Due to recent events in my life and work, I’ve been thinking about nepotism policies in the workplace lately.
One of the first things the new people who own my newspaper did was institute a nepotism policy, saying that no spouses were allowed to both work at the paper in the same department (unfortunately, they defined “same department” as any two newsroom employees, which is kind of crazy but not the point).
Several good friends were laid off, a victim of their spouse somehow being deemed the more “valuable one.”
Maybe I’m naive, but I’d never heard of a company having a nepotism policy. My wife tells me lots of companies have them.
We talked about it for a while, and we disagreed on their worth. I think, to make a blanket policy that no two employees who are married can work together is unfair (look at Paul and Joanne up there in the photo; they worked together and it seemed to work out OK).
She felt that with the potential for conflict and added stress and strain on the couple, and the people around them, that nepotism policies make sense.
Would love to hear what you all think about this.
**So of course Monday is just going to absolutely crawl for me, as I await tonight’s 9:20 p.m. tip-off of the national championship game between my beloved Duke boys and the remarkable Butler team. Fortunately I’ll be busy all day so hopefully time will fly a little bit. I’ve gone from feeling very confident to a little nervous, because even though all signs point to a Blue Devils win, things are just happening exactly perfect for Butler right now.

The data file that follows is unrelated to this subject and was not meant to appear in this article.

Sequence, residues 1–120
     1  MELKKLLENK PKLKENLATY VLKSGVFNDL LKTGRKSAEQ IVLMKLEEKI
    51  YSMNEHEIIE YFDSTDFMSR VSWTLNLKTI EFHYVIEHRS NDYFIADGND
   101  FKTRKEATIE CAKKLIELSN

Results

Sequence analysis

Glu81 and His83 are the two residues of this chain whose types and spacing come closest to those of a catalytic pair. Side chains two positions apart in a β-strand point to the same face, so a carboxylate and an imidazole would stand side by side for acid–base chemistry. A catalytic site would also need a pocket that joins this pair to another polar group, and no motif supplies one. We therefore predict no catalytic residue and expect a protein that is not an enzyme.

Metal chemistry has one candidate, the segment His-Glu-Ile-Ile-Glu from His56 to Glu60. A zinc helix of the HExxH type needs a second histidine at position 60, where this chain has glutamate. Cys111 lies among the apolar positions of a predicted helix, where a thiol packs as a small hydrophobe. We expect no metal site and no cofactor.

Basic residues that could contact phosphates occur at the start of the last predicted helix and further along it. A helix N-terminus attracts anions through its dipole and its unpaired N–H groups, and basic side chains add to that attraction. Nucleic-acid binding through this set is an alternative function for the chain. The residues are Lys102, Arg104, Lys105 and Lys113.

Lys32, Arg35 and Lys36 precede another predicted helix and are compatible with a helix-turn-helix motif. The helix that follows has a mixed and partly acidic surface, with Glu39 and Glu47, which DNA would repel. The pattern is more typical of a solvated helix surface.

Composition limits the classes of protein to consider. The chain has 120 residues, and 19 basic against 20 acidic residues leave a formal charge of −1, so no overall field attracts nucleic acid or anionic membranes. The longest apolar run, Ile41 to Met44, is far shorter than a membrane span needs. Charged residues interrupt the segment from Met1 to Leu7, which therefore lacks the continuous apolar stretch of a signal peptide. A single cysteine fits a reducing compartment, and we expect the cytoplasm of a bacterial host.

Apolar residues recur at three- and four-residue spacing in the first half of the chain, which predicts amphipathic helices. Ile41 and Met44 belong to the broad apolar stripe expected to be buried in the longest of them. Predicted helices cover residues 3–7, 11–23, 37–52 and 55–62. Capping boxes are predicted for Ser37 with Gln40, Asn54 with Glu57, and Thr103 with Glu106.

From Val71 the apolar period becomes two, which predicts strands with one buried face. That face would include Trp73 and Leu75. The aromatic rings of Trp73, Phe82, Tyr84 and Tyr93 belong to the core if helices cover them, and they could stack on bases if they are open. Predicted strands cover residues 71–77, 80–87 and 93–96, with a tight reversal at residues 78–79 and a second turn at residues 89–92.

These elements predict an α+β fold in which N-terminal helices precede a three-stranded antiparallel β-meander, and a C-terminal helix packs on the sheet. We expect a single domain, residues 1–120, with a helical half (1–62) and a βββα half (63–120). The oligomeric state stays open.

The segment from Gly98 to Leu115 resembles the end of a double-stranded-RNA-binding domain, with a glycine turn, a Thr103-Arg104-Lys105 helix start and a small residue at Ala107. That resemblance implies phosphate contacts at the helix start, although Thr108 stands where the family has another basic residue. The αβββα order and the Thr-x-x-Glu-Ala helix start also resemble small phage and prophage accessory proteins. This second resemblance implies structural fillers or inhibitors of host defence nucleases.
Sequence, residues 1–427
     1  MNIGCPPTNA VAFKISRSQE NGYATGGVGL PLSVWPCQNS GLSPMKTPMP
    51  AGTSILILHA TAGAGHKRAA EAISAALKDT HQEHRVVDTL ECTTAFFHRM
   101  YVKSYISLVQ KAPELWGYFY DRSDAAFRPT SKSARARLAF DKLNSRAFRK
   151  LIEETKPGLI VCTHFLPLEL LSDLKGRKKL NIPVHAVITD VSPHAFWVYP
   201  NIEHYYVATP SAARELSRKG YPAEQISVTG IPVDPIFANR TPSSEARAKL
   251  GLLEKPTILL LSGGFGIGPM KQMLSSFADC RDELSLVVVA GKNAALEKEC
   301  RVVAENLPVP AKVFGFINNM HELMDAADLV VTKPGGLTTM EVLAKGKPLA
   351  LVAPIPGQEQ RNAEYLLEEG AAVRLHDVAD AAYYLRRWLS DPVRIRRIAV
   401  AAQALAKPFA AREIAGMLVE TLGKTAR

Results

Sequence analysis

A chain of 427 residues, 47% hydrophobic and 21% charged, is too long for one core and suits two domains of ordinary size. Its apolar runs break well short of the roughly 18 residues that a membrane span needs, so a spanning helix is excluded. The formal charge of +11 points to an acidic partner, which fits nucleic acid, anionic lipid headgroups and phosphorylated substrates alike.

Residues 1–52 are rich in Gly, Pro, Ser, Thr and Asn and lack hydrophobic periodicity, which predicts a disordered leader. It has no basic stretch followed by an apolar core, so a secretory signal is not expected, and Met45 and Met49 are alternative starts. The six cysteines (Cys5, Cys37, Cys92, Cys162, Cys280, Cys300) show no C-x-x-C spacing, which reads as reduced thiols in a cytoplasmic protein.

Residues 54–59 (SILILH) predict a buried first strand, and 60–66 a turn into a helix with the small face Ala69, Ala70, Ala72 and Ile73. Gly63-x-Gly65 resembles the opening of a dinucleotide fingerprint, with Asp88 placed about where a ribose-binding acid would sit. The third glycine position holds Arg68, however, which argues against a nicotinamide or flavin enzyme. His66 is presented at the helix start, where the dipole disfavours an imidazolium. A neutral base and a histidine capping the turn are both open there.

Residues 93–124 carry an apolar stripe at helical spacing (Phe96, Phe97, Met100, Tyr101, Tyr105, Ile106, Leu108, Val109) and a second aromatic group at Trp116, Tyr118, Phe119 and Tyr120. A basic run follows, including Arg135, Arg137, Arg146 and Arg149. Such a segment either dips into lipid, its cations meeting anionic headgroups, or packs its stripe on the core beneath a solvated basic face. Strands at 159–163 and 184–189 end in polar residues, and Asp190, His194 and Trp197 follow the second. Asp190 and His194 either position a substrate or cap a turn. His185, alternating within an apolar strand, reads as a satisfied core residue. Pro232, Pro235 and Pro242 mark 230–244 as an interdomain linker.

Everything has gone right for them, and this may be just one of those magical years for the tiny school from Indy. I really, really hope not. If Duke can shoot about 45 percent from the field, and if my new best friend Brian Zoubek and Lance Thomas can stay out of foul trouble, Duke wins. If not, I’ll grab the Maalox and hang on.
**Caught a little of the UConn women’s Final Four game vs. Baylor Monday night. Was thrilled to finally see someone push the Huskies a little bit; Baylor was down only three in the second half before the incredible Maya Moore and UConn pulled away. Stanford is all that’s left to stop UConn and their smug, arrogant coach, Geno Auriemma, from another national title. Could be a great game Tuesday night.
**Finally, a few words about maybe the best basketball coach in America. Bob Hurley Sr,. has won nearly 1,000 games as the boys head coach at tiny St. Anthony’s High School in crime-infested Jersey City, N.J. He’s captured state and national titles, sent dozens of players to college and the NBA, but more importantly, he’s been a beacon of hope and opportunity for kids in a part of America that rarely sees those things.
Working incredibly long hours with no facilities, Hurley has helped keep St. Anthony’s open, and in 38 years of coaching, only two of his players haven’t gone on to college.
I’d always known about Hurley because of his son, Bobby, being one of the best Duke players ever. But how incredible of a coach, and a man, he is was really brought home in the fantastic book “Miracle of St. Anthony’s” by an e-migo of mine, Adrian Wojnarowski (“e-migo” is a term coined by my hero Joe Posnanski, who said it means a colleague you sort of know, but mostly communicate through Facebook and email. I love that term.)
Adrian spent a year inside the program and wrote a terrific, compelling portrait of one man’s fight to keep hope alive for kids.
I’m writing all this about Hurley because finally, after three failed attempts, he’s been elected to the Basketball Hall of Fame. It’s a long-overdue honor for a truly great man.